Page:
Thursday, July 10, 2008
In light of that decision, here are some wise words that Hannah forwarded to me from our farmer, Allan (who grows our CSA shares).
"POTATOES: We had a thunder storm during harvest. Your spuds may have
been bagged WET. This means you need to IMMEDIATELY get them out of
the plastic bag and wash them and then let them dry in the air (or
then cook them!) If you don't, they will ROT really fast!
LETTUCE: We have had almost continually rain and little sunshine for
two weeks. This week's lettuce is showing the results of this. You'll
have to preen it for good leaves. All of our lettuce is for one week
of shares, this is what we have this week.
SHARE SHOULD BE
Kohlrabi (that 'green vegetable' no one can identify!)
basil (pesto freezes very well, but you have to leave out the oil...or
is it the garlic? You better check!)"
For those of you readers in the mid-Atlantic region, I'd be remiss not to link you to his site: http://www.freshandlocalcsa.com/
I include this because I always find his missives interesting both because of the description of the delicious food we can expect and because I like knowing about the challenges they face from the weather, etc. to get this food grown. He also often includes recipes, which is pretty helpful.
I will point out that I was not one of the suckers who paid for purslane. I pull that tricky weed out of my garden in abundance for free. And when I do, I try to eat it instead of discarding it because I have read many places that its healthful goodness is epic. And it tastes pretty nice, too.
Unfortunately, it was one of the standard old green kinds; my weirdo, heirloom lemon-shaped-and-colored cucumbers are still all in the flower stage. I titled this post "mystery cucumber" because the circumstances of this cucumber were a little mystifying to me. I was just tromping around my garden, trying to suppress the weeds growing up through my mulch by frowning at them, when I noticed a fully ripe, 8 inch long cucumber on one of my plants. That on its own wouldn't be weird, but then I looked around to see if there were any others, and there was nothing. A few flowers on this bush, no baby cucumbers yet...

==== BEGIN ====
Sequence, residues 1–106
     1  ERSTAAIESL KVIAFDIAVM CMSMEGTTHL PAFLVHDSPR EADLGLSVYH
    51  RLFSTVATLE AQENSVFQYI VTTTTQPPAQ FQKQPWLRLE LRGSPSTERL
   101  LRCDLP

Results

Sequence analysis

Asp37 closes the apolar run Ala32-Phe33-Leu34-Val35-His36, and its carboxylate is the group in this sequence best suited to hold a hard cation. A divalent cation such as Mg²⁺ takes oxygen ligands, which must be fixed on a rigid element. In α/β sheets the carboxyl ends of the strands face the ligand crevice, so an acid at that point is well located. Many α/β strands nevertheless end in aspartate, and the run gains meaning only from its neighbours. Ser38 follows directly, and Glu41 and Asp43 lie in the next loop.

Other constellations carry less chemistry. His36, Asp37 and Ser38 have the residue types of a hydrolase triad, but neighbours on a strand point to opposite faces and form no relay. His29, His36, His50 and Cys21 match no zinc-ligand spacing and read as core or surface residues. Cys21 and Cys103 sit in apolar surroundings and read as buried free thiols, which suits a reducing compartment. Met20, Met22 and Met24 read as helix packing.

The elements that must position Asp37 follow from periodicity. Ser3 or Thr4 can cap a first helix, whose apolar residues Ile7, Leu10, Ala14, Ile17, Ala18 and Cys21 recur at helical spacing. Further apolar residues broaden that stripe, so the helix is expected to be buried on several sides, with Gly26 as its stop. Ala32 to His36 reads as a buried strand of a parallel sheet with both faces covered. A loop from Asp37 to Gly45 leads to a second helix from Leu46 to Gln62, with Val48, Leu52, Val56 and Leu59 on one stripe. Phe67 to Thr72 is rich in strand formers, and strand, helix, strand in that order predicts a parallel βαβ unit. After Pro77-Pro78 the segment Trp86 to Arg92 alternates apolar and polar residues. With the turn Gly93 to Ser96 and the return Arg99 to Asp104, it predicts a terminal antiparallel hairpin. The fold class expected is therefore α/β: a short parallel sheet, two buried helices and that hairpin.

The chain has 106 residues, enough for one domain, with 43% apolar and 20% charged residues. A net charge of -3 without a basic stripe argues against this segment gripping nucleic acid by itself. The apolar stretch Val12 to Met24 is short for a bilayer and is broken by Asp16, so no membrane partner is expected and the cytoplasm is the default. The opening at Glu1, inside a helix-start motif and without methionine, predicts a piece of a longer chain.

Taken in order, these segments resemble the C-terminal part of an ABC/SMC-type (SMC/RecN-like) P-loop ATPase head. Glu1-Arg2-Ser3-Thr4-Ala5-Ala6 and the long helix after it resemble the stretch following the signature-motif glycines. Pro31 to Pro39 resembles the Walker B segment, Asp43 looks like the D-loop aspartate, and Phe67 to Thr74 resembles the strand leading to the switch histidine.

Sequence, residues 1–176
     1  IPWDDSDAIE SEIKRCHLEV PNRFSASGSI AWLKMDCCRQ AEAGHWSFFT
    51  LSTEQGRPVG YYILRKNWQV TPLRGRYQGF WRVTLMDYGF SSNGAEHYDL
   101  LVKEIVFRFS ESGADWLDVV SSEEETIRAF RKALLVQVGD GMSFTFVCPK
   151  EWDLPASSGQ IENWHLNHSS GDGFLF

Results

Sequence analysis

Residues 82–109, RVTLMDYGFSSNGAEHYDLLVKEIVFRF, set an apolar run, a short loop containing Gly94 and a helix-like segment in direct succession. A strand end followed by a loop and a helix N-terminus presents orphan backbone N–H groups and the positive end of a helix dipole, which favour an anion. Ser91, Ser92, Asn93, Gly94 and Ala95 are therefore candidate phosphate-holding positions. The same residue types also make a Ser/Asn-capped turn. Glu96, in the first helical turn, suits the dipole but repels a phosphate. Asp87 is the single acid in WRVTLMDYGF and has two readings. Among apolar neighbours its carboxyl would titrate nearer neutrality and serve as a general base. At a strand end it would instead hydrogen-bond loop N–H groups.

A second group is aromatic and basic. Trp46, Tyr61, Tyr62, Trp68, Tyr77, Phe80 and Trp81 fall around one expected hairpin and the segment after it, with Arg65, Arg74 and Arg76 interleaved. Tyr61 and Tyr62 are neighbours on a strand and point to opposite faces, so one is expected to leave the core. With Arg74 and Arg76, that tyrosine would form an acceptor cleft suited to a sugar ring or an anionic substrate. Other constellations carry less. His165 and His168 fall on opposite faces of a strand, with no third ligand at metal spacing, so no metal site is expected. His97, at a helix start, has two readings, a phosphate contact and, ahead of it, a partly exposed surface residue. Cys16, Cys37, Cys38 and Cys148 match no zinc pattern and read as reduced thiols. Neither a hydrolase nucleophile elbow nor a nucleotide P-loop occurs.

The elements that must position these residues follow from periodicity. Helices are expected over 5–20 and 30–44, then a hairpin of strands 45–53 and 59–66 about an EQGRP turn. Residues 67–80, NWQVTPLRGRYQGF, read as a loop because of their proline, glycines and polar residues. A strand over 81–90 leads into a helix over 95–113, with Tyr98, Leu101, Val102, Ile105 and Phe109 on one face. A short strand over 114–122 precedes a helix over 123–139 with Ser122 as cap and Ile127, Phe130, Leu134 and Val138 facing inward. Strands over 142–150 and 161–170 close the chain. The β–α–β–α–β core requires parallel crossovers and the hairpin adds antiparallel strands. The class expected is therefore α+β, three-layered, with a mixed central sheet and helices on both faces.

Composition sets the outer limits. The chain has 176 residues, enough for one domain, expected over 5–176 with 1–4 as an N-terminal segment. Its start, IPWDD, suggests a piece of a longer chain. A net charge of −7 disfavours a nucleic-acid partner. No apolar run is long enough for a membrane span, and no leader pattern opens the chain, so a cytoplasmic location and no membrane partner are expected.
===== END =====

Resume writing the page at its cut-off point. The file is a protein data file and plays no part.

Perhaps this particular bush was channeling all of its energy into this one cucumber. Maybe this is normal, I don't know. But I am now keeping a closer eye on all of my cucumber and squash plants, because who knows what other fruits have has escaped my notice during their entire childhood.
The other plants I think I am keeping better tabs on, though. My runner beans look quite nice climbing up their makeshift trellis-y thing and my tomato plants are staked, relatively happy looking, and flowering copiously. I also have a teeny tiny eggplant. I am worried, since it looks pretty ripe, that it is going to stay teeny tiny -- a product of a stunted plant, rather than just a fruit in its early stages. I started this plant indoors, and perhaps I did a poor job meeting its needs as I transplanted it. I hesitate to say that it's just an issue of soil fertility (although I readily admit that my soil is a serious work in progress) because the other plants in that area are doing much better. My pepper transplant is having the same tiny-ness issues in a different part of the garden, also surrounded by healthy looking plants. So for the time being I blame my poor skill at transplanting.
Monday, June 23, 2008
There has, however, been some theft. It's ok, though, because I was doing the thieving; It wasn't really that serious. In one of the weeded-over sections of the garden some mint has gone crazy, crazy. So I took a whole bunch of it after I got done planting a few more herbs and pulling some greens and the last of the peas.
Then I looked up recipes for mint (other than the recipes involving rum, which I already knew). I found many things, most of which sounded weird/unappealing. In the end, I settled on a mint granita recipe from epicurious.com, and it was really awesome.
Here it is, for those of you who won't click a link: